The Haircut Before The Party are produced by Arts Admin.

27th May
Class War Jumble Sale
A one day jumble sale, held by Ian Bone, selling ephemera and merchandise from the class struggle. Class War are a UK based action group set up in 1983 by Ian Bone and others.

10th June
Camera-Community-Action-Activism: a Collective Film Workshop

This event is a collaborative film-making workshop about making films collectively with filmmaker Ed Webb-Ingall.

Over the space of an afternoon participants will come together (part radical theatre troupe, part documentary film crew, and part community group). The gallery will become stage, centre, meeting house and workshop exploring how a camera affects our behaviour, and how it can be used to affect the way a film is received. During the event we will play games, film as a group and seek to answer questions such as:

  • Can a film be made collaboratively and non-hierarchically and what might this mean?
  • How might a camera work to build a community and enable representation or challenge misrepresentation?
  • How might the images filmed suggest the nature of that community, how it was built and structured and the process of its creation?

Drawing on the history and theory of activist and oppositional film making in the UK (from the newsreel movement of the late 1960s, The Berwick street Collective, Banner Theatre, The Workshop Act and Community Film Groups) this will be a workshop for those interested in how cameras are used to represent, mis/represent ourselves and others and how cameras affect and effect behaviour when making and watching such work.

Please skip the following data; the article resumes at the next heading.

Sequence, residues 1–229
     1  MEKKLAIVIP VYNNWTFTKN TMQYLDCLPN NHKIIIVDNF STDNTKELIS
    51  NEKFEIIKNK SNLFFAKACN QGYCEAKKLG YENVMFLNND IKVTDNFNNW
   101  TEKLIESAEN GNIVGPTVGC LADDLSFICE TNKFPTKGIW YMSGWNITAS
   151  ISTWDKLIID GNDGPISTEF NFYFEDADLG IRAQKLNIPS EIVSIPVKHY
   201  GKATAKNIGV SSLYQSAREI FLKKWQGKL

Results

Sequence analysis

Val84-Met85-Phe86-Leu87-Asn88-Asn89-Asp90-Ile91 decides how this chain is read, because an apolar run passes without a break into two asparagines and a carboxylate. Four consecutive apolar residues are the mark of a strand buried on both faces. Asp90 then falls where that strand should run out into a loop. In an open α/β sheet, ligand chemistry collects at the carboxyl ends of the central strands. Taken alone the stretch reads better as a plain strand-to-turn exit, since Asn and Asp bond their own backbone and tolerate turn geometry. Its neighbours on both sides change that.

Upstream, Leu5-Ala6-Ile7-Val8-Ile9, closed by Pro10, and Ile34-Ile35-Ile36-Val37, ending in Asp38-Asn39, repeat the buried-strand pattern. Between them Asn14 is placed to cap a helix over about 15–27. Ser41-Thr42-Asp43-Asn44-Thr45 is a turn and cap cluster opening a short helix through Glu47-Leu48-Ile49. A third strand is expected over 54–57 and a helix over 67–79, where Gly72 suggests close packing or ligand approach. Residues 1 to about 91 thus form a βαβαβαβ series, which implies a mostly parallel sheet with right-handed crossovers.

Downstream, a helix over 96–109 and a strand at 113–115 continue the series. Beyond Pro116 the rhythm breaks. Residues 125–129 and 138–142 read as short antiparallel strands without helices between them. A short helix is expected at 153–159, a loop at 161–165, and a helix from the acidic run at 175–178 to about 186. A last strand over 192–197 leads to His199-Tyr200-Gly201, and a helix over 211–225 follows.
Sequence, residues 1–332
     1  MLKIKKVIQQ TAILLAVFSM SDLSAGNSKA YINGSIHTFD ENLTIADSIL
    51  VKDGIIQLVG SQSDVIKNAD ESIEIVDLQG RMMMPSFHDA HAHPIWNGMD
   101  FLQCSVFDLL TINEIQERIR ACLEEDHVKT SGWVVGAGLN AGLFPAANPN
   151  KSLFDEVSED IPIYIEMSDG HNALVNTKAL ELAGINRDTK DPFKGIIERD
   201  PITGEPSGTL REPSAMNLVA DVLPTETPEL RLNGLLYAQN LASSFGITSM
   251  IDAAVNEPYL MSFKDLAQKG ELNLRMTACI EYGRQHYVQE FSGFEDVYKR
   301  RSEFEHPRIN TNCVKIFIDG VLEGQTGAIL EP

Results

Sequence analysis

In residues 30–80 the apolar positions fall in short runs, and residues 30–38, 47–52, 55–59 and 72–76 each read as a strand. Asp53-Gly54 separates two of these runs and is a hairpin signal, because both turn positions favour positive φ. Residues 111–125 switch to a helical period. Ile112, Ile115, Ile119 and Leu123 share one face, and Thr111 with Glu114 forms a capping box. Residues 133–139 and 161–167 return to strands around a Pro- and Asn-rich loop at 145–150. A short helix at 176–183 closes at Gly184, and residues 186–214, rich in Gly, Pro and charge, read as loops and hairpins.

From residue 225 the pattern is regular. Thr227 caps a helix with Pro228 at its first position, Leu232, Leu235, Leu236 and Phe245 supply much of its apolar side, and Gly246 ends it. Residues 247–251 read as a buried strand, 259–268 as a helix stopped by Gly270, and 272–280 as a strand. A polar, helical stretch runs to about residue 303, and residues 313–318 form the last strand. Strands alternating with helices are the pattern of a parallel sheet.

Please bring a device to film with, wear loose comfortable clothing and be happy to discuss the ownership of the images filmed during the workshop.

Booking for this event is essential:

17th June
Banner Making Workshop
An afternoon of banner making, for your next protest march, led by artist, writer and designer Marta Pozananski.

24th June
Banner Making Workshop & Banner Drop
The second week of the banner making workshop will conclude with a banner drop outside the Jerwood Space building.

Events by Charlie Woolley are supported using public funding by Arts Council England.

There will also be events programmed by JVA on Monday 21 May (6.30–7.30pm) and a SLAM Last Friday Event on 25 May (6–8pm) as follows:

Re-thinking the Digital
21 May

The word digital has at least two contradictory meanings. On one hand it means data expressed in the form of a series of numbers for use with a computer and therefore implies abstraction and distance. On the other it means to do with the fingers, contrastingly implying touch and connectedness.